Sunday, July 6, 2008


So what is this one about?
Well. In 1972 the Israeli Olympic team was murdered in the Olympic Village and Olympia Park in Munich, Germany.
Right here, in fact. (Thats the shadow of the Olympia Turin (Olympic Tower) you see and partial grounds of the Park)

Munich is based on actual events and tells the story of the Palestinian terrorists [who] hold hostage and ultimately kill a group of Israeli athletes during the 1972 Munich Summer Olympics. In the tragic aftermath of the infamous murders, a Mossad agent (Eric Bana) tracks down the assassins. Ciaran Hinds and Geoffrey Rush co-star in this film directed by Steven Spielberg and written by Tony Kushner (award-winning playwright of "Angels in America"). (Thanks Netflix!)

And how much did I pay to watch?
This one is tricky. Technically the answer is nothing because the dvd is my father's. However, I think I bought him the dvd for Christmas a few years ago. Not only that though because I saw the movie in the theatre with my mom when it came out, though I think she paid.

So, the answer is nothing, with explanation.

Oh yeah, and this is the second time I've seen it.

And what did I think?
Well, I think seeing it a second time was helpful. The first time I saw it I thought it was good, but I didn't think I caught everything. And now watching it a 2nd time there is still one part I think I may have missed.

Well, I thought it was very long. Clocking in at 2 hours and 44 minutes, its quite long. It holds attention for the most part, but nearly three hours is a lot to expect from an audience.

The cast was excellent, especially Eric Bana, who had a skillfully layered characterization. The music was beautiful and added suspense and sadness to the narrative. The cinematography was beautiful as well, with artistic (but not grotesquely so) shots that looked like photographs. The weaving of the scenes of what happened to the athletes at Munich into the narrative was skillful as well. Especially the last scene where Bana is making love to his wife while visualizing the deaths of the Israeli team. The build and climax of that scene coupled with Bana's tortured acting was brilliant. Just brilliant!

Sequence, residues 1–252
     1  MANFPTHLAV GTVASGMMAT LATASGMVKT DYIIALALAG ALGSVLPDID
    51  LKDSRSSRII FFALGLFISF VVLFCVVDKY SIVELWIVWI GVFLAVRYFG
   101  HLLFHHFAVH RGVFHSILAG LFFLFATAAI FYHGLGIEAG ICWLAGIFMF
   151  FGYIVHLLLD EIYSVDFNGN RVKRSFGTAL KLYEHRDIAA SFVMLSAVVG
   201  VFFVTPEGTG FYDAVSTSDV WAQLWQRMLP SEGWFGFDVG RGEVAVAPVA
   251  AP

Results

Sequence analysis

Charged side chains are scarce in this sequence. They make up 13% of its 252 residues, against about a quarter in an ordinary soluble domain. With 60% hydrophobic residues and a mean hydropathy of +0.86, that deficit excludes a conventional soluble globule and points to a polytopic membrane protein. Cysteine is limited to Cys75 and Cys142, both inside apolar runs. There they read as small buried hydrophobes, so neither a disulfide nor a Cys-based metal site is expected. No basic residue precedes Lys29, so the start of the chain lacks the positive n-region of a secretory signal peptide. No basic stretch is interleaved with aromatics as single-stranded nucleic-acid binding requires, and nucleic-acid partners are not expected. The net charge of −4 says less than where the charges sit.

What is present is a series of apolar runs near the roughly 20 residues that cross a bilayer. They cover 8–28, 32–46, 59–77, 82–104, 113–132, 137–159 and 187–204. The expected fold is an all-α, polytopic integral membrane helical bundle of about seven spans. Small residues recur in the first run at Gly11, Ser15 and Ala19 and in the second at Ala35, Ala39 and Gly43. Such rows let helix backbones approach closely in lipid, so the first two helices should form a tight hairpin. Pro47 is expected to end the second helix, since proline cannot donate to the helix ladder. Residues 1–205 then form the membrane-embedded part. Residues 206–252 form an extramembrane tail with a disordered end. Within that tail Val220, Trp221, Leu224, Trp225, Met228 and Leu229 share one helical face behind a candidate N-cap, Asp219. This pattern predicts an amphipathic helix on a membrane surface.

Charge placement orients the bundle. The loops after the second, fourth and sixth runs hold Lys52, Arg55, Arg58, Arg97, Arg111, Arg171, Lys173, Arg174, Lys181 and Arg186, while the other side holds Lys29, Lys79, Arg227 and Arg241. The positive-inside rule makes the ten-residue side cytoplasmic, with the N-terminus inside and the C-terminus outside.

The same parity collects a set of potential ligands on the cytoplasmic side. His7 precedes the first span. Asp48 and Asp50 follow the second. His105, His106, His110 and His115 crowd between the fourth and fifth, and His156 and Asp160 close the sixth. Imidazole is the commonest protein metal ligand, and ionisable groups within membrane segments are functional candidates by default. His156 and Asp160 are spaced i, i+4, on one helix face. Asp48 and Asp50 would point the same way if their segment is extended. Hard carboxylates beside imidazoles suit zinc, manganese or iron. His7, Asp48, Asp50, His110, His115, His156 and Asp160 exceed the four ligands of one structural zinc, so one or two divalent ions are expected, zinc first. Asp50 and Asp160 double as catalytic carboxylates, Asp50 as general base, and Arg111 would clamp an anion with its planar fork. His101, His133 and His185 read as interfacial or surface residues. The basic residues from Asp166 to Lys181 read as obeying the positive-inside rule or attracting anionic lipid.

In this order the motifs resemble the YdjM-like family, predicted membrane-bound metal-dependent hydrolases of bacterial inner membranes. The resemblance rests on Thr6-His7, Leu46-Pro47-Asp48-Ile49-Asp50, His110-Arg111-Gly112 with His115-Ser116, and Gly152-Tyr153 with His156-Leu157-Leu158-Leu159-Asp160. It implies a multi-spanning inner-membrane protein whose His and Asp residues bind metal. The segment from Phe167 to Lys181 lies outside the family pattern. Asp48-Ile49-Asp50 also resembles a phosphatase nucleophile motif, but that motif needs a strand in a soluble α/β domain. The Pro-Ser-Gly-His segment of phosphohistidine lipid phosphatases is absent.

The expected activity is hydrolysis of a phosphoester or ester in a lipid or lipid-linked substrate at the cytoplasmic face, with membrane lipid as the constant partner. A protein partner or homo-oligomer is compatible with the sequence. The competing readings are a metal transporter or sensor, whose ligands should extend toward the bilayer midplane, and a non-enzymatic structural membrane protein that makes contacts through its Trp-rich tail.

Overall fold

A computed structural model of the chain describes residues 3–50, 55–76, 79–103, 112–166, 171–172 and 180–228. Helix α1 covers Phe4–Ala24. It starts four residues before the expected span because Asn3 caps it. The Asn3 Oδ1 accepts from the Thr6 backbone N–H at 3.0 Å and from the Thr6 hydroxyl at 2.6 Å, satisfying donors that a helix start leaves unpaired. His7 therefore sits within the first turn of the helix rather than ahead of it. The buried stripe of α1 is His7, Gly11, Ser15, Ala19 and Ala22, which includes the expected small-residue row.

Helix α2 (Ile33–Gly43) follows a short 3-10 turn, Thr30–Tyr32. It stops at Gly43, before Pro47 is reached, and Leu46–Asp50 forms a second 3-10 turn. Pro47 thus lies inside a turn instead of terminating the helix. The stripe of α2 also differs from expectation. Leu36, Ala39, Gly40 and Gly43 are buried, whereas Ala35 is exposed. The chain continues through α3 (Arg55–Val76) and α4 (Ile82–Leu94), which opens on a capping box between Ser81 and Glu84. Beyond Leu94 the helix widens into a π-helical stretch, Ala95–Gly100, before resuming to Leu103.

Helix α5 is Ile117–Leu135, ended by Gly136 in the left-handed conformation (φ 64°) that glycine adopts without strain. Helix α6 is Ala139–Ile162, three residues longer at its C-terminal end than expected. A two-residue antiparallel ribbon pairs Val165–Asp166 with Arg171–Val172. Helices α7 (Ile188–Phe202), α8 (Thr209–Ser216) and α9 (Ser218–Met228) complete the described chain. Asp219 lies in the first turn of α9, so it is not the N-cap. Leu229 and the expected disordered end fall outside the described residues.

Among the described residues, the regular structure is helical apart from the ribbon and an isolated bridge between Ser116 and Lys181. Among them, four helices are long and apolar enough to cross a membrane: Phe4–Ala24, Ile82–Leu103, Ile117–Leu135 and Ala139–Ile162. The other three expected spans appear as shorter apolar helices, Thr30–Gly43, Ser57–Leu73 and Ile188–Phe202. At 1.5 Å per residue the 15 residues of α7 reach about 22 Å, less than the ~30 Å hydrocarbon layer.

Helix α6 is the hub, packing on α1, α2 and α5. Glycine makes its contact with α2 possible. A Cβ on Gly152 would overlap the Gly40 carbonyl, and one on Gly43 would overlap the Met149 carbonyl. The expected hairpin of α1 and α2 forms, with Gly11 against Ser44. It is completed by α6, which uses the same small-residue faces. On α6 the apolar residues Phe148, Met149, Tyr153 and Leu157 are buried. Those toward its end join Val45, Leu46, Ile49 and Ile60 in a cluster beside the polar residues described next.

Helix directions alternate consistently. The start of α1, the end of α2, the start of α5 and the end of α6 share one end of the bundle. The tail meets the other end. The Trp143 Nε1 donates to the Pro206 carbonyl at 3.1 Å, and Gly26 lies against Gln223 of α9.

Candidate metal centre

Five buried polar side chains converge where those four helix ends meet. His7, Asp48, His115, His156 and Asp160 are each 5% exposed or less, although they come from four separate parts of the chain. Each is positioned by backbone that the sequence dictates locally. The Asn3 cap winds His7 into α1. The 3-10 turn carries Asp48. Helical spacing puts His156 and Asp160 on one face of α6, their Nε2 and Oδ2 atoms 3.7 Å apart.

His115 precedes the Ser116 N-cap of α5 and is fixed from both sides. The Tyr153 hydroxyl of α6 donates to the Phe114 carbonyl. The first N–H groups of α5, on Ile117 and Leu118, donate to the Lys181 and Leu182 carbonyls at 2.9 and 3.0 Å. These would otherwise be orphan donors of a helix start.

The last scene was the one that I still remain a bit confused about. Bana comes back to New York and lives in a state of constant fear that he is on a hit list somewhere for all the killings he perpetrated. The madness that he experiences was palpable and excellently acted. The last scene though, where he speaks with Geoffrey Rush, is the one there could be some confusion about. [SPOILER ALERT...maybe] Bana asks Rush if there was any connection between the men he killed and what actually happened at Munich, and what Rush explains wasn't clear. Bana's reaction comes off as in he had killed all these men who had deserved to die, but not in retaliation for Munich. It was rather confusing.

So what is the rating? (out of 10)
I will give this one a 7. The film was skillful, and the story of Munich is fascinating, but I think the long running time...and the thick accents, detract from it.

I would recommend it, but first I would recommend that you get your historical background surrounding the events of Munich well established. I'd check out wikipedia's page, for starters.


capitulatenow said...

Oh man oh man I remember that sex scene. That was something else, fo sho.

this is not a joke said...

Yeah. It was probably the best scene in the whole movie!